Performing maintenance that is reactive and not proactive is costly and labor-intensive. This type of maintenance, whether it be time- or count-based, results in low machine performance, premature part replacement, early machine deterioration, and unscheduled downtime.

Predictive Maintenance Analytics allows us to push the boundaries of production efficiency and reach a goal that until now has seemed unachievable – zero unplanned downtime.

To do this, an Industry 4.0 Predictive Maintenance system needs to be able to collect and store relevant data, and analyze it in order to drive actionable business outcomes. This is the true goal of Predictive Maintenance.

Predictive Maintenance Analytics vs reactive maintenance

How to Improve Asset Efficiency Using Predictive Maintenance Analytics

Historical Data

The first step in getting started with predictive analytics is to consolidate all the relevant raw data. Before setting out to capture newly created machine data, it’s important to collect and organize as much historical information as possible.

Every machine in the production line should be taken into consideration for this phase as this historical data will be extremely valuable when combined with the new data that is currently being collected and processed via Historians, QA, ERP, and other systems.

Current/New Data

Collecting a specified and accurate set of data is central to the idea of the smart factory, and to Predictive Maintenance in particular.

Improvements in technology have enabled the development of sensors that are reliable, non-intrusive, inexpensive, and simple to integrate into a complete Industrial IoT system.

Some common sensor types used in industry include:

  • Pressure sensors
  • Temperature sensors
  • Optical sensors
  • Water quality/condition sensors (pH, conductivity, turbidity etc.)
  • Chemical sensors
  • Gas sensors
  • Smoke sensors
  • Level sensors (liquid and solid materials)
  • Accelerometers
  • Gyroscope sensors
  • Humidity sensors

Data Transport and Analysis

To securely extract the data from the sensors, IoT connectivity protocols such as MQTT are used, enabling the information to be sent via a gateway device to a designated cloud.

Organizing and aggregating the data results in a formatted dataset that can be subjected to a variety of analytical models. The result is an accurate behavioral visualization of every machine and process in the operation.

For Predictive Maintenance, there are two main types of data that are relevant – Static and Temporal.

Static Data refers to the technical specifications and operational attributes of a particular machine. These machine features are inherently static, but if they do have the ability to change over time, they need to have timestamps associated with them.

Temporal Data refers to live operational telemetry, the current condition of the machine, its work order log, usage history, and failure and maintenance history.

Once the data is in the cloud, algorithms are applied to recognize patterns and generate insights in the form of dashboards and alerts, providing valuable insights for reducing downtime and improving product efficiency.

Data Transport and Predictive Maintenance Analysis

There are numerous predictive analytics methods, ranging from linear regression and time series models to survival analysis and geospatial predictive modeling.

These methods can be organized into 2 main categories:

1. Regression – this set of PdM analysis techniques focuses on building a mathematical equation as a model that represents interactions between the various elements in a machine’s process.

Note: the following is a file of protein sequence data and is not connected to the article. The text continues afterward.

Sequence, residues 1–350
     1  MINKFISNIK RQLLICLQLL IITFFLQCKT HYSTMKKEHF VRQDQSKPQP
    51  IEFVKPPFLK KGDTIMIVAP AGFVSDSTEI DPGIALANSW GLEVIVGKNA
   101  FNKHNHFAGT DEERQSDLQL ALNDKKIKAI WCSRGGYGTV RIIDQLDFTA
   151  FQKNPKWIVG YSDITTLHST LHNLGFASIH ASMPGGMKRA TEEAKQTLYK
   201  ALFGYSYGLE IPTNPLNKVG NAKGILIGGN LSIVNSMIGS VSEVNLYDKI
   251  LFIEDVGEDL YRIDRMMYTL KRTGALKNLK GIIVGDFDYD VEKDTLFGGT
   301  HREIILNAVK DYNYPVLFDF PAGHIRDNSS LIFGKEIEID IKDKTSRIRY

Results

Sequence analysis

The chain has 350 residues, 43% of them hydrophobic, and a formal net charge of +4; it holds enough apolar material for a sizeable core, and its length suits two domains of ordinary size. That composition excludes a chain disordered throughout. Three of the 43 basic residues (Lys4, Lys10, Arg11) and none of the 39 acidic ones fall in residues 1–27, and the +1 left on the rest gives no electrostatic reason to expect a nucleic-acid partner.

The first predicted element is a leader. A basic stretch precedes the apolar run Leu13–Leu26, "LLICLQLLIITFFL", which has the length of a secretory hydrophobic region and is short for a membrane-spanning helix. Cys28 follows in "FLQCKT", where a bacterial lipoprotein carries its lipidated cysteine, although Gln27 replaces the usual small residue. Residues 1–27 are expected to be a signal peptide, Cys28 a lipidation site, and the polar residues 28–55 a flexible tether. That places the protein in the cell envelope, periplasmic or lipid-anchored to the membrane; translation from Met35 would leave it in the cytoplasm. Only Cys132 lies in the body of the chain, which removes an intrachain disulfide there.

For example, using a Linear Regression model, the relationship between the response (dependent) variable and a group of predictor (independent) variables could be analyzed and expressed as an equation that predicts the response variable as a linear function of all the influential elements. This model can be further optimized by minimizing the size of the residual, and testing to see that it’s distributed randomly with respect to the predictions that the model proposes.

For cases where the output (response variable) is discrete instances and not continuous, a Discrete Choice model can be used instead of multiple instances of the Linear Regression model mentioned above.

Another analytical method that falls under the Regression category is Logistic Regression which suits cases where the dependent variable is binary and we’d like to transform this data into an unbound continuous variable, estimating a common multivariate model.

To construct predictions, Likelihood-ratio and Wald tests are used to measure the statistical significance of each coefficient b in the model. Finally, to assess the goodness-of-fit of the classification model being used, a “Percentage Correctly Predicted” test is used.

2. Machine Learning – PdM analysis techniques based on Machine Learning have the ability to predict dependent variables directly, without needing to focus on the relationships between the variables. This can be very useful in scenarios where defining the dependencies between variables is extremely complex.

Machine Learning techniques emulate characteristics of human cognition and learn by “training” with example problems, building the ability to predict future events.

Leveraging Predictive Maintenance Analytics

The analytical processes mentioned above give birth to Predictive Models that can help us determine the optimum time to perform maintenance, and the type of service needed, before an asset has dropped below its performance threshold.

Because a PdM model is based upon actual machine behavior, equipment failures of any kind can be predicted, making this technology a game-changer for manufacturers. Repairs are more focused and secondary damage is prevented since technicians know the exact type of issue to prepare for, making unplanned downtime a non-issue.